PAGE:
Being one of the most sacred sites for Buddhism, Tengboche Monastery also celebrates the festivals very impressively. Many festivals can be witnessed throughout the year in the monastery. But amongst all, Mani Rimdu festival is the most important to the Sherpa people,and in Tengboche Monastery, it becomes way more than other places.

The meaning of “Mani Rimdu” is ‘Mani’ means ‘part of the chant of Chenrezig’ and ‘Rimdu’ or ‘Rilbu’ means small red pills that are blessed during the festivals which are distributed to all those to who attend the festival. Mani Rimbu is a 19-day religious festival which involves ceremonies and meditation.

Mani Rimdu festival is held during the tenth lunar month as per the Tibetan calendar (October-November). The festival falls during the autumn season, the season when the Khumbu region witnesses a large number of tourist coming for the Everest Base Camp and to experience the festival as well.

The festival begins with an elaborate depiction of the mandala diagram made with coloured sand, which is extracted from only the specified location in the hills. The mandala is the centre of this festival which takes four days to draw. During the festival, there are 16 dance numbers which break for comical effect and when all the devotee’s lefts, the monks perform a fire rite to dispel all the harm to the world. Then the sand mandala is formally removed with prayers for the benefit of all the sentient beings.

Other Information about Tengboche Monastery

In the initial years of Tengboche Monastery, the nuns also came and practised Buddhism. But, over the years, nuns wanted their elusive place to live and pray. Respecting this demand of nuns, Lama Gulu granted them land in a small valley called Devoche, which is locatedwithin walking distance of Tengboche. The nunnery is at the elevation of 3,800 meters and is administrated by Tengboche Monastery itself. At present, only a few nuns are staying in this place,and most of them moved to pursue studies in Kathmandu and India.

Apart from the nunnery, there are many other chortens, small monasteries and hermitages as well. Pangboche, Thame, Lawdo, Khumjung and Khunde are some of the other sacred sites.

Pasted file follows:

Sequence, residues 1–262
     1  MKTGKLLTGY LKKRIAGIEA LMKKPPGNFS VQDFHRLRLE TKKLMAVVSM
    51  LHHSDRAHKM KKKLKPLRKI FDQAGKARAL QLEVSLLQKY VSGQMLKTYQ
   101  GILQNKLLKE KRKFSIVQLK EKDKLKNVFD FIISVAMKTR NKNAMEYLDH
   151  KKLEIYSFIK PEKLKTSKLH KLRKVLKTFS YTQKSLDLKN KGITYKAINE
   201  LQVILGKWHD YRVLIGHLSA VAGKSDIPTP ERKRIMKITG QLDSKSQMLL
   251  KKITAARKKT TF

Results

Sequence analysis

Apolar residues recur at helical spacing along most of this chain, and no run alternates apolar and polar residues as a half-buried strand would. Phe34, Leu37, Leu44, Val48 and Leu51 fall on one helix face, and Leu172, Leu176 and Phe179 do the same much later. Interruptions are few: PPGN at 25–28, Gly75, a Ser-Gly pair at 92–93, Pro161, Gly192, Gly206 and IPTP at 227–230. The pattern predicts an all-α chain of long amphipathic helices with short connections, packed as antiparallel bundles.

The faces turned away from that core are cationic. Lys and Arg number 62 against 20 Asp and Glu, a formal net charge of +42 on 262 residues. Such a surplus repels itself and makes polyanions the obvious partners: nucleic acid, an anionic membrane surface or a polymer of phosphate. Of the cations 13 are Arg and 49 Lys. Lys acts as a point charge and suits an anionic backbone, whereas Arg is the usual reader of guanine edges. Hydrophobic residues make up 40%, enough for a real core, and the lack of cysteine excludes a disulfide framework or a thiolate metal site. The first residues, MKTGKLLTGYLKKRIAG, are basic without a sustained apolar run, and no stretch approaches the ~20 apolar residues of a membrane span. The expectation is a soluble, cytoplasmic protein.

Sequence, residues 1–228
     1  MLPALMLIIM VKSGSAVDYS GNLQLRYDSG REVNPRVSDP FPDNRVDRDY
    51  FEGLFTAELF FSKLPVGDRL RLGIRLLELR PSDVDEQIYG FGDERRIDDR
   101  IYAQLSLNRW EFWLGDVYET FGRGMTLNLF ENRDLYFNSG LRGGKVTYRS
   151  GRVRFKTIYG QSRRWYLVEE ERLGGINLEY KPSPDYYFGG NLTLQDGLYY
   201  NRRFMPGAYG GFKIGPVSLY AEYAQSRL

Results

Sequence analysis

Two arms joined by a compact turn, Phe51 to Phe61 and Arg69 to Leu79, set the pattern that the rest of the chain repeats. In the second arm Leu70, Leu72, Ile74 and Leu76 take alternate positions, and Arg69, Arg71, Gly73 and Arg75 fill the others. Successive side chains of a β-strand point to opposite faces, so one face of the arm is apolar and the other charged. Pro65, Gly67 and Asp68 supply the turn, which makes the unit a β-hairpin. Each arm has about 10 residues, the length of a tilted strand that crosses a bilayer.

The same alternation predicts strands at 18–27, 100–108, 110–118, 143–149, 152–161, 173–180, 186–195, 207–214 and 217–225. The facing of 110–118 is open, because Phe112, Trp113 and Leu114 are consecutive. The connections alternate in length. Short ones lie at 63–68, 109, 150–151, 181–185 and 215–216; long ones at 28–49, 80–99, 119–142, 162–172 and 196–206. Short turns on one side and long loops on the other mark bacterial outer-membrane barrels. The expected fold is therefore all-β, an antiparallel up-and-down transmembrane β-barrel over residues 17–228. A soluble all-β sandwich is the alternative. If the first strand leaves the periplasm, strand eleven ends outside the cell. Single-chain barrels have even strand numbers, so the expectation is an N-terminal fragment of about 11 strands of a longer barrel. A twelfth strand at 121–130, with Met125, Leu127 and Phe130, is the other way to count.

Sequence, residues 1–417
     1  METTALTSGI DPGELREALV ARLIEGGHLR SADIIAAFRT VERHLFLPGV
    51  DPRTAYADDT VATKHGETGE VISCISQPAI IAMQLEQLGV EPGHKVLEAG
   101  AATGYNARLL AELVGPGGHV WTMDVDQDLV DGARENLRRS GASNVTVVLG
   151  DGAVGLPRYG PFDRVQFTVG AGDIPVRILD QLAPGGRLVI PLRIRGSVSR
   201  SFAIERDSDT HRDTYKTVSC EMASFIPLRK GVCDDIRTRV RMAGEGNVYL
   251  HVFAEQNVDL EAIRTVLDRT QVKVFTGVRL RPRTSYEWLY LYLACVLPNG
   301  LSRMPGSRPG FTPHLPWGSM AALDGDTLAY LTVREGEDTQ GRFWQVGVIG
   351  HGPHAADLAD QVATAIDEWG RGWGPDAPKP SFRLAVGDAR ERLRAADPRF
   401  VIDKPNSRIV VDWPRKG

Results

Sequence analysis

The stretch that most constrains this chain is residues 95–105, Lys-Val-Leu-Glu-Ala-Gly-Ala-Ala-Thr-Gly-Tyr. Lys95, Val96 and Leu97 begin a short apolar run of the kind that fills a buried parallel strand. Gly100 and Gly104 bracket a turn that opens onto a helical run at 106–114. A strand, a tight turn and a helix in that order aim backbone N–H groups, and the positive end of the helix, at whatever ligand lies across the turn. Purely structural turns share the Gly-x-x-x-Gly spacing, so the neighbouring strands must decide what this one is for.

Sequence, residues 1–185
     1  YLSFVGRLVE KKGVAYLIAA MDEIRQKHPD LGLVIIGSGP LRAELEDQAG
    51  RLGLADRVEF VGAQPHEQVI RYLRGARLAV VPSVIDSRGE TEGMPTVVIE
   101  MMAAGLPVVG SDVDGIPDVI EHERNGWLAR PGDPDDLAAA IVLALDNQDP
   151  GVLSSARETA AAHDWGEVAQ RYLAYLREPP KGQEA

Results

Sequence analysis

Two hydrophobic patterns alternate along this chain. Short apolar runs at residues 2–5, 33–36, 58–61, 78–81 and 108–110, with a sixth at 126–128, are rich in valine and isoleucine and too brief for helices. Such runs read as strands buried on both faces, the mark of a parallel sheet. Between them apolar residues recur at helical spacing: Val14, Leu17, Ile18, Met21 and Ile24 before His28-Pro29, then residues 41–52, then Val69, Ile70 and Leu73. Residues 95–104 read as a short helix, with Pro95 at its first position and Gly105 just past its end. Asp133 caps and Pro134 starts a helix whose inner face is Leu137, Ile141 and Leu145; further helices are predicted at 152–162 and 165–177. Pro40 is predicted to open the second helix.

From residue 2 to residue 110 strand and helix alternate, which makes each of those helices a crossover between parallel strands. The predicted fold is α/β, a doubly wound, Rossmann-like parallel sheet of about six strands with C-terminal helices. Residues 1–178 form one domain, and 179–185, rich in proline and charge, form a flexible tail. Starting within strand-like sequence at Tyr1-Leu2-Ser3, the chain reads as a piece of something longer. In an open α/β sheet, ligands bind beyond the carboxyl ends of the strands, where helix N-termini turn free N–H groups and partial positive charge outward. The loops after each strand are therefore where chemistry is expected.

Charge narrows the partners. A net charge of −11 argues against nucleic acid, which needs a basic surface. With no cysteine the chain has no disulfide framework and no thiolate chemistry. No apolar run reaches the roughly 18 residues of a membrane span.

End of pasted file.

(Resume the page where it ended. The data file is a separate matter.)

As the monastery has gone through a few of the accidents in the past and has been rebuilt as well, there are many facilities which haven’t been addressed. Safe drinking water, electricity are some of the problems. However, a “Master Plan” was developed, and it has resulted in supply of clean drinking water, also to establish a sacred land for high altitude medical herb plantation close to the monastery, an eco-centre to promote sustainable tourism, income generating schemes to sustain the local population, establish schools, toilets and accommodation for porters.

Trekking to Tengboche Monastery

Tengboche Monastery is located in the north east of Kathmandu. It is on a hill at the confluence of the Dudh Koshi and Imja Rivers. Tengboche Monastery falls en route from a mountain trail from Namche Bazaar.

Starting your trekking from Kathmandu, you will take a domestic flight to the Lukla. Lukla is popular place mainly known for its airport and the beautiful landscape views. From Lukla you will, you will trek towards Phadking in about 4-5 hours. Then after Phadking comes Namche Bazaar, a small charming town. Namche Bazaar is a popular place for acclimatisation for most of the trekkers before moving towards the higher altitude region. So, you can set a camp with your trekking group and stay for few days. You will get to involve with the people of this beautiful and charming town of mountain.

Then you will walk to the descending trail of Phungi Tenga and then comes Tengboche Monastery. You pass will through the suspension bridges, see the beautiful landscape views all around you and pass the delightful and colourful forest of rhododendron, pine and birch before arriving at Tengboche. A little downhill trek will take you to the Devouche, the nunnery as well.

If you are heading to the Everest Base Camp, then, moving forward you will reach Dingboche. From Dingboche come a small village called Labuje. Moving further you will reach Gorakshep and then comes to your destination, the base camp of Everest. Most of the trekkers chose to take a hike towards Kala Patthar, from where you will get a closer view of Mount Everest. Now, you will make your return journey to Namche Bazaar and the Lukla, from where you will take a domestic flight to Kathmandu and return home.